Computers have become much more adept at "recognizing" human faces during the past two years, states a report released today by the Commerce Department's National Institute of Standards and Technology (NIST).
Scientists from NIST, the Defense Advanced Research Projects Agency (DARPA) and DoD Counterdrug Technology Development Program Office have completed the most comprehensive evaluation to date of commercially available face recognition systems, and concluded that the technology has made significant advances. The study, Face Recognition Vendor Test 2002 (FRVT 2002), was performed in response to the USA PATRIOT Act and the Enhanced Border Security Act.
The primary objective of FRVT 2002 was to provide performance measures for assessing the capability of automatic face recognition systems to meet real-world scenarios—verification of identity, identification of an unknown individual and detection of an individual on a watch list.
Key findings of the study include new data about verification, demographics, and indoor and outdoor matching abilities.
The study shows that there has been a 50 percent reduction in error rates since comparable tests were conducted in 2000. For verification (i.e., determining whether a person is who he or she claims to be), the best facial recognition systems are equivalent to 1998 fingerprint matching technologies, yielding a 90 percent verification rate with a 1 percent false acceptance rate. This is a substantial improvement since the FRVT 2000, where the verification rate was 80 percent.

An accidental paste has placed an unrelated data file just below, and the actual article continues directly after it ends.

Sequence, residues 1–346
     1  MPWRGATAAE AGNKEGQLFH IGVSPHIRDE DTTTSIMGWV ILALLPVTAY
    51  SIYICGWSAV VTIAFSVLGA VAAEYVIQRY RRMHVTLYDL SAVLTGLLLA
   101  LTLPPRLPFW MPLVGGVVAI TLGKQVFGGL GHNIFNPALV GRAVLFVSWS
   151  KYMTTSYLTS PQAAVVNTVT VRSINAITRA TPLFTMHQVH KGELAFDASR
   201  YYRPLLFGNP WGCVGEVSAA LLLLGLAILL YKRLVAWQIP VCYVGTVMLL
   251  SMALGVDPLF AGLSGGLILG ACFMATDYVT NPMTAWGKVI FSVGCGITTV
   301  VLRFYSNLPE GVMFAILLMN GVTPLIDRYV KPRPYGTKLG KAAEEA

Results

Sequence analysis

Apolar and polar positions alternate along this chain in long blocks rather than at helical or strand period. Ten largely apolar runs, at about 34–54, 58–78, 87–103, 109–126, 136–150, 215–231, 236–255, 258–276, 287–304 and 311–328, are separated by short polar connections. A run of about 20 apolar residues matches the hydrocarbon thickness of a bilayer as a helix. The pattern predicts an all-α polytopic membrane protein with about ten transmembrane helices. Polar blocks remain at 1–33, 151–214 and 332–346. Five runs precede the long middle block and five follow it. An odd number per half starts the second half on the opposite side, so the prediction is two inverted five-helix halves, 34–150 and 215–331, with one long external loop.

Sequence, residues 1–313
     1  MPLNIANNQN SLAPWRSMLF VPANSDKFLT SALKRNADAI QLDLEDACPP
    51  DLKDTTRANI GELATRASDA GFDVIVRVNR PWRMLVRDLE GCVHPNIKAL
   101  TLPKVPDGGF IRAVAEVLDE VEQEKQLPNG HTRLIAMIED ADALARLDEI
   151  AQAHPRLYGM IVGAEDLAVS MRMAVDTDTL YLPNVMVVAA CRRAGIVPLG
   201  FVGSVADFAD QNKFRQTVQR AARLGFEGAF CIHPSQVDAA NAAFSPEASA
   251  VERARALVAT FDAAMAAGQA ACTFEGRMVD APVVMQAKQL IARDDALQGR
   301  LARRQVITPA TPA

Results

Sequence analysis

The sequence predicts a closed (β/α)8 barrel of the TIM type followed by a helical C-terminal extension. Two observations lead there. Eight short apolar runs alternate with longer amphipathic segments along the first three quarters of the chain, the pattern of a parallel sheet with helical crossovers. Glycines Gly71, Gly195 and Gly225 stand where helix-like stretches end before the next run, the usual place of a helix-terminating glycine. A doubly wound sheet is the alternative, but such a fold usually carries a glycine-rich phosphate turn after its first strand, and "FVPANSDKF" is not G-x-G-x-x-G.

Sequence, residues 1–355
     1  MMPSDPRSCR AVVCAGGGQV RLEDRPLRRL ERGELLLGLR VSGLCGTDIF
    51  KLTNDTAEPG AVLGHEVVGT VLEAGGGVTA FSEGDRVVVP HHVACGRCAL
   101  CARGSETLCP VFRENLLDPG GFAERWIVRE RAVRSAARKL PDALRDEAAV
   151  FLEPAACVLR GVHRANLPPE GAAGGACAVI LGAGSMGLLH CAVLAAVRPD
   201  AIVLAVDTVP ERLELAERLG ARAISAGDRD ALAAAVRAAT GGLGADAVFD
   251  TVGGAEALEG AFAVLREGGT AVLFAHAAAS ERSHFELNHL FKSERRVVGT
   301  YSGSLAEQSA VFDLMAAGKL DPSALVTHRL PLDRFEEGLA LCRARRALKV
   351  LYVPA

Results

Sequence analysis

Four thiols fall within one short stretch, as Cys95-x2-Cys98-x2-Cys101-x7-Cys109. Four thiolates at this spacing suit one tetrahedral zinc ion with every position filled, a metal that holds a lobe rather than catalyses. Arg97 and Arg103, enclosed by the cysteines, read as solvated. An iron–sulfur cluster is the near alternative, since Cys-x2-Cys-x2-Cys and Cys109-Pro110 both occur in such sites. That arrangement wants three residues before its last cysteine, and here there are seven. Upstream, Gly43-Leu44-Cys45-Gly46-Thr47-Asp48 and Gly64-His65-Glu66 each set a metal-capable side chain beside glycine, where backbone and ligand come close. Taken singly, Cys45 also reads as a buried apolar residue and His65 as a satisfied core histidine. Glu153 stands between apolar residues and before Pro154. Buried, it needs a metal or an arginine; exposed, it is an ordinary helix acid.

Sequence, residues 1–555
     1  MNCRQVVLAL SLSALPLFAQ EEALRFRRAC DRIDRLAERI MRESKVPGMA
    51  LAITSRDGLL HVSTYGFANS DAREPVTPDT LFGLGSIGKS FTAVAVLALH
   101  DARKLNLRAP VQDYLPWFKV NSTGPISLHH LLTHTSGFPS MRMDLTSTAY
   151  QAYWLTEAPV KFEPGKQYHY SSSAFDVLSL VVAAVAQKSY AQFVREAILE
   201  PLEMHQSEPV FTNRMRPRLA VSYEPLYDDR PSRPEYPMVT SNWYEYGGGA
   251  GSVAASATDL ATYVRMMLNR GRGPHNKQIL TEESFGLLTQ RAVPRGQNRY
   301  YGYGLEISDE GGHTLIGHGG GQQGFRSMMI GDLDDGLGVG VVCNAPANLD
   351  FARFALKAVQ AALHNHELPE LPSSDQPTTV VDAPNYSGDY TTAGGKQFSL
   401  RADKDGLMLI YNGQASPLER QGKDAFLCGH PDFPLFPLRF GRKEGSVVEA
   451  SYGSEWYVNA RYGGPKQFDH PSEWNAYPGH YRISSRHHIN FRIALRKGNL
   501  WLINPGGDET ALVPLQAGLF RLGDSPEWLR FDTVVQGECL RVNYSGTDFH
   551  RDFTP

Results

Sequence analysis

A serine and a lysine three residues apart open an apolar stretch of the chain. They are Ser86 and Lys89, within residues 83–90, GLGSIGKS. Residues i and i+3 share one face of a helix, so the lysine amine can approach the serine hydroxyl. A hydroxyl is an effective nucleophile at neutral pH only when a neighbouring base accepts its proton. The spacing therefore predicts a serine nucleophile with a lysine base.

For the first time, researchers evaluated demographic factors impacting the ability to recognize faces. These results show that males are easier to identify than females, and older people are easier to recognize than younger people.
The study also found significant differences in matching abilities depending on whether the images were taken indoors or outdoors. Face recognition performance for outdoor images is only about half as good as for indoor images, where there is better control of lighting conditions.
Ten companies participated in the tests, which involved matching 121,589 images of 37,437 individuals.
The complete report is available at www.itl.nist.gov/iad/894.03/face/face.html#FRVT2002 and is also posted at www.frvt.org.
Key results from FRVT 2002 were included in a recent report to Congress, also mandated by the PATRIOT Act and the Enhanced Border Security Act. In an appendix to that report, NIST recommended a dual approach that employs both fingerprint and face recognition technologies in a biometric system that would make the nation's borders more secure. NIST made its recommendation in conjunction with the Departments of Justice and State. The complete NIST appendix is available at www.itl.nist.gov/iad/894.03/NISTAPP_Nov02.pdf.
FRVT 2002 had the backing of numerous government organizations. FRVT 2002 sponsors (those organizations that provided resources for the evaluation) were: NIST, DARPA, the Department of Justice's National Institute of Justice (NIJ), the Department of State, the Transportation Security Administration (TSA), and the Federal Bureau of Investigation (FBI).
FRVT 2002 supporters were: CTAC, the U.S. Customs Service, the Department of Energy, the Drug Enforcement Administration (DEA), the U.S. Secret Service, the Technical Support Working Group, the Immigration and Naturalization Service (INS), the Canadian Passport Office, the United Kingdom Biometrics Working Group, and Australian Customs.
As a non-regulatory agency of the U.S. Department of Commerce's Technology Administration, NIST develops and promotes measurement, standards and technology to enhance productivity, facilitate trade and improve the quality of life.